June 18, 2023 Proper 6, Year A
Original Sin: Can We Re-Enter the Garden of Eden?
The Apostle Paul writes about the Christian concept of Original Sin in the fifth chapter of his Letter to the Romans, one of today’s readings: “While we were yet helpless, at the right time Christ died for the ungodly. Why, one will hardly die for a righteous man – though perhaps for a good man one will dare even to die. But God showed his love for us in that while we were yet sinners Christ died for us. Since, therefore, we are now justified by his blood, much more shall we be saved by him from the wrath of God. For if while we were enemies we were reconciled to God by the death of his Son, much more, now that we are reconciled, shall we be saved by his life” (Romans, 5: 6-10).
The fifth century A.D. theologian Saint Augustine writes extensively on Original Sin in his The City of God, especially the thirteenth book in which he argues that “it is taught that death is penal [punitive], and had its origin in Adam’s sin.” Adam and Eve’s defiance of God and their exercise of free will led to God permanently expelling them from the Garden of Evil into a harsh world – our world – burdened by suffering and death. This sin, representing a fundamental alienation of humanity from God, is only lifted from humanity’s shoulders by Jesus’ sacrifice on the Cross, which Paul also describes as a reconciliation between mankind and his/her Creator.
When I was teaching at a university in Okinawa over a decade ago, one of my close colleagues was a professor of English literature. An Okinawan, he was one of the earliest recipients of a scholarship to study at a university in the United States after World War II. While living in the States, he developed a great interest in Christianity. Although he didn’t become a Christian himself, he was fascinated by the influence of Christianity on western, especially English, literature.
Just before I retired from the university, he commented that he always felt that Eastern cultures were deficient, compared to Christianity, in one important aspect: they couldn’t fully account for the evil human beings do. He had witnessed the horrors of war as an adolescent during the Battle of Okinawa in 1945, in which over a third of the civilian population lost their lives.
I have thought a lot about his comment over the years since: with our world seeming to collapse into disorder and chaos, why are people so selfish, so arrogant, so short-sighted? So lacking in feelings of compassion towards others? Why do people always make the same mistakes over and over again? Like the American invasions of Afghanistan and Iraq, just four decades after the beginning of the Vietnam War?
While the 18th century Enlightenment in the West called into question many religious orthodoxies, including the doctrine of original sin, the horrors of the 20th century, including the mass murder of millions of innocents during World War II, have called into question the Enlightenment claim that progress has made people more decent, more humane, more aware of the links that we share with other humans. The 20th century, in fact, gave us ample evidence that despite our veneer of “civilization,” human history can still be described by the old Latin phrase: homo homini lupus (“man is a wolf to man” – which actually may do a disservice to wolves). In other words, man is marked by Original Sin.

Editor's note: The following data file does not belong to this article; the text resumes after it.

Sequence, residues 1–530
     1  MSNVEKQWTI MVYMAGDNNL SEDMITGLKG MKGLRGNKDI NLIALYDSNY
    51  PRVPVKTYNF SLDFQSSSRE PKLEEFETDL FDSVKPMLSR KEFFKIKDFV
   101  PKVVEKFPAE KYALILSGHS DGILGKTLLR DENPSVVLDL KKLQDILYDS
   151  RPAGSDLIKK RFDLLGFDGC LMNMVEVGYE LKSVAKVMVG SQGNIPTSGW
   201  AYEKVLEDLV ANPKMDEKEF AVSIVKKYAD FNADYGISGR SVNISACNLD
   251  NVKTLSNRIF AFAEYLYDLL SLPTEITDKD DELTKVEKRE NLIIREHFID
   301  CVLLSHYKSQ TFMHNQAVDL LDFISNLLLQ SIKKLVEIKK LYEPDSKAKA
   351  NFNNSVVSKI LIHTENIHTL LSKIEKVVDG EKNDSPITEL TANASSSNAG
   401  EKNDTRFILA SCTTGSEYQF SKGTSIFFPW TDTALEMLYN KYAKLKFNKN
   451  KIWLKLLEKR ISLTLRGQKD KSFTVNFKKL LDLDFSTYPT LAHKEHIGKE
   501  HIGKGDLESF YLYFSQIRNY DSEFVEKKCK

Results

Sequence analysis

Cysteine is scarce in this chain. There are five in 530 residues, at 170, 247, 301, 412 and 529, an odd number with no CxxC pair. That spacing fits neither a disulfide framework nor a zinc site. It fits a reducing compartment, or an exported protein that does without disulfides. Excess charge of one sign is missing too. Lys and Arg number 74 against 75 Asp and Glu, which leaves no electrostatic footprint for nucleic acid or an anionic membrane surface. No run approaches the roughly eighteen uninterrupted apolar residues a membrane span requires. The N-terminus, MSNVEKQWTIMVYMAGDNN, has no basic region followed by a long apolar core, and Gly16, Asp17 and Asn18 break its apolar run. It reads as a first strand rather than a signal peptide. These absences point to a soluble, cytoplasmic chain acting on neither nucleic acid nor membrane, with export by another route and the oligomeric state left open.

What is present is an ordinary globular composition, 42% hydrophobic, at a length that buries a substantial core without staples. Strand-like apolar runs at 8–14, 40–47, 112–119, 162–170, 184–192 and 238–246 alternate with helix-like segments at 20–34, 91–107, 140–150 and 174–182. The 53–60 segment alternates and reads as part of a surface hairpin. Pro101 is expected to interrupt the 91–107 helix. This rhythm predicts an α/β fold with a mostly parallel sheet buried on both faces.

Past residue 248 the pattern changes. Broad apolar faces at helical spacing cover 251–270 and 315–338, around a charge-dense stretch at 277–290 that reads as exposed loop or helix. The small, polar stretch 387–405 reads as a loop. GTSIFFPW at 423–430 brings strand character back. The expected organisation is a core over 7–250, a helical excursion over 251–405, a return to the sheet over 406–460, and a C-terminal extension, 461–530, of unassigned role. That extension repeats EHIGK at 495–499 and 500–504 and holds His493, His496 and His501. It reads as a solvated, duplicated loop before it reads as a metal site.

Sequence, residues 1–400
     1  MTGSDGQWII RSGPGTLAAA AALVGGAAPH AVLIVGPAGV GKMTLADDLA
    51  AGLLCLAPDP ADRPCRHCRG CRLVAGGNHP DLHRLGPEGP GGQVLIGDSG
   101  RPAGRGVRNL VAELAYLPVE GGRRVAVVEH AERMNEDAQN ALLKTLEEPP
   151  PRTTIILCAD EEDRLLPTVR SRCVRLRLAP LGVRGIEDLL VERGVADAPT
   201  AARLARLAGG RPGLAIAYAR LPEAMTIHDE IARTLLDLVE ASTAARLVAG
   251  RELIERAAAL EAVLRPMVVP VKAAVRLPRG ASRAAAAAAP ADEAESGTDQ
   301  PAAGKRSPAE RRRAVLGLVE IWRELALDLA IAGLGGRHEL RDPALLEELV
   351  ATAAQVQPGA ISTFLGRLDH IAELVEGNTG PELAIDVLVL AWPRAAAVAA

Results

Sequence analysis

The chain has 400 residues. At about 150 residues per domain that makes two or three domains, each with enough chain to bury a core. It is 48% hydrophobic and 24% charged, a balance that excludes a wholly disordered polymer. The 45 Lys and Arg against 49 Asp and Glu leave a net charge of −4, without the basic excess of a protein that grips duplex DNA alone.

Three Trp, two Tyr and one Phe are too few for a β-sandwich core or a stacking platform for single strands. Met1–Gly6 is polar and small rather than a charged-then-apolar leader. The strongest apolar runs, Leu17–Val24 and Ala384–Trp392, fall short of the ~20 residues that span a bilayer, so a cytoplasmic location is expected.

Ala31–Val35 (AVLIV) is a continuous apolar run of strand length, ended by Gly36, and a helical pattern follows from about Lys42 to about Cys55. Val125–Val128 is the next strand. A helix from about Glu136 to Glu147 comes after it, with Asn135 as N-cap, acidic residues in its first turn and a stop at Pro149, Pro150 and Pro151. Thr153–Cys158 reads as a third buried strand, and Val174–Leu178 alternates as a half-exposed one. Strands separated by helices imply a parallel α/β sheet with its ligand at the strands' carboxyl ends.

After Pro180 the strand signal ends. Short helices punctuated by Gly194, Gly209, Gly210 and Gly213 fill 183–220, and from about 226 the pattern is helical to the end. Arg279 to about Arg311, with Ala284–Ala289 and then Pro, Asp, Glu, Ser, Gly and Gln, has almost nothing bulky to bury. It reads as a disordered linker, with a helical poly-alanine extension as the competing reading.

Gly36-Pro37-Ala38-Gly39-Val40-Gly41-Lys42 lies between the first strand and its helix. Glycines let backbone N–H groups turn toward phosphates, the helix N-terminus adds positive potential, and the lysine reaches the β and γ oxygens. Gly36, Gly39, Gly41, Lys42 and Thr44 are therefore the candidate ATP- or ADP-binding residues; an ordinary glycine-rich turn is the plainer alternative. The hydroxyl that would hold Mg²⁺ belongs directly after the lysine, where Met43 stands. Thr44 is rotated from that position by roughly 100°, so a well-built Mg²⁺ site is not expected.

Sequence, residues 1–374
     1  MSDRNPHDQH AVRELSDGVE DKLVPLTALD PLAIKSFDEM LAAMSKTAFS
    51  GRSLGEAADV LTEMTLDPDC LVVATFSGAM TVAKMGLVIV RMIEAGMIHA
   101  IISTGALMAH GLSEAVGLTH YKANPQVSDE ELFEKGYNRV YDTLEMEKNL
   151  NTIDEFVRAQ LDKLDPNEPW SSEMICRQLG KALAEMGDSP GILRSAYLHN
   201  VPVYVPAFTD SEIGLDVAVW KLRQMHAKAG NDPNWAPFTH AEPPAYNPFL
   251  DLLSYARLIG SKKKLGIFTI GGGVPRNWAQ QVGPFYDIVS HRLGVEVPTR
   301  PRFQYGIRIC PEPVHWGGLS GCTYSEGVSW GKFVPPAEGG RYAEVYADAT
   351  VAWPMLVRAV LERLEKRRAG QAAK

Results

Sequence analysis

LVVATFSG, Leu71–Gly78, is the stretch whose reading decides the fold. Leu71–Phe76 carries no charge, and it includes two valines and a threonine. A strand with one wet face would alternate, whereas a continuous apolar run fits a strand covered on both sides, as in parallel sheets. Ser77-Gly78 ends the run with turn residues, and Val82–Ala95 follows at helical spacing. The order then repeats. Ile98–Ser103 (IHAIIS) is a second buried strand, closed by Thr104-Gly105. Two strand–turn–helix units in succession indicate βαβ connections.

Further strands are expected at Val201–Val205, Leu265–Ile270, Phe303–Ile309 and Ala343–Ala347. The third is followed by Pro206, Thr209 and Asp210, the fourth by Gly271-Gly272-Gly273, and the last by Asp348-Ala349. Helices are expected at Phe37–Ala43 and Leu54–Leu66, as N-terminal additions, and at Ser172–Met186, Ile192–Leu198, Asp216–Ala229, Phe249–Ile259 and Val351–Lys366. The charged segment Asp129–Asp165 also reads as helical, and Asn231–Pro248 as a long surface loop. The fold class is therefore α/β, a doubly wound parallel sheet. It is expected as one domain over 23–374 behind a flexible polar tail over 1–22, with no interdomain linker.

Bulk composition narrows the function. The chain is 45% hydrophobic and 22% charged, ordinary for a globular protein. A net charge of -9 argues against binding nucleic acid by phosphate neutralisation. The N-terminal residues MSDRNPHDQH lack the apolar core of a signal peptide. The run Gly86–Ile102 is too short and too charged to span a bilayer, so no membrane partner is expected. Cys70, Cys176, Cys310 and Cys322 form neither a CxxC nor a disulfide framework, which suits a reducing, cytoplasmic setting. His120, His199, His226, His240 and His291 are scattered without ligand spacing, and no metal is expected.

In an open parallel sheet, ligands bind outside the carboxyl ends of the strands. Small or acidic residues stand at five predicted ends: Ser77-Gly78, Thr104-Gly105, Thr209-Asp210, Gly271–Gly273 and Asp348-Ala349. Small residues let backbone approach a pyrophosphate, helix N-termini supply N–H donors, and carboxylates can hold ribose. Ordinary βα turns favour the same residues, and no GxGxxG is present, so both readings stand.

My former colleague was making a critique of Confucianism, which has formed the foundation of ethical and social thought in East Asia for as long as two and a half millennia. Apart from Confucius himself (Kong Zi, 551-479 B.C.), the most important Confucian philosopher is Mencius (Meng Zi, 372-289 B.C.), whose work the Book of Mencius forms the core of Confucianist orthodoxy not only in China, but in Japan and Korea. The influence of Confucianism in these East Asian countries is still very strong today. Mencius proposed that human nature is good because of mankind’s internal moral sense: the sense of compassion, for example, is not taught to us by our parents or schools but exists already inside us. In The Book of Mencius, the philosopher says: “when left to follow its natural feelings human nature will do good. This is why I say it is good. If it becomes evil, it is not the fault of man’s original capability. The sense of mercy . . . The sense of shame . . . the sense of respect is found in all men; the sense of right and wrong is found in all men.” Philosophers often call this type of argument emotivism: morality is not a rational thing, but a product of our emotions, our feelings, which are “natural.”
In Confucianism, man is part of the natural order, which in its entirety strives for order and harmony. Confucian writings are full of descriptions of persons and acts deemed immoral, including the oppression of the poor by the rich and the just by the unjust, but the ethical way of the chuntzu, the cultured “gentleman,” is understood not as a commitment – assumed freely by the individual – to a moral way of life as it is conformity to certain ideals of self-development, which brings him (very rarely her) in line with the nourishing and peaceful harmony of the Cosmos. Moreover, man is seen as dwelling wholly within a natural order defined by the trinity of Heaven, Earth and Man. Heaven (天 tian) in ancient China might have been depicted as a supreme god, but over time it became an impersonal natural order. “Tian does not speak,” the Confucianists say. The sages of Confucianism are not prophets, who bring the word of God to humans, but antiquarians who find ultimate truth in the customs of an idealized past. Proper performance of “rites and ceremonies” (li in Chinese) seamlessly connects mankind with the harmonious and perpetual workings of an orderly Cosmos.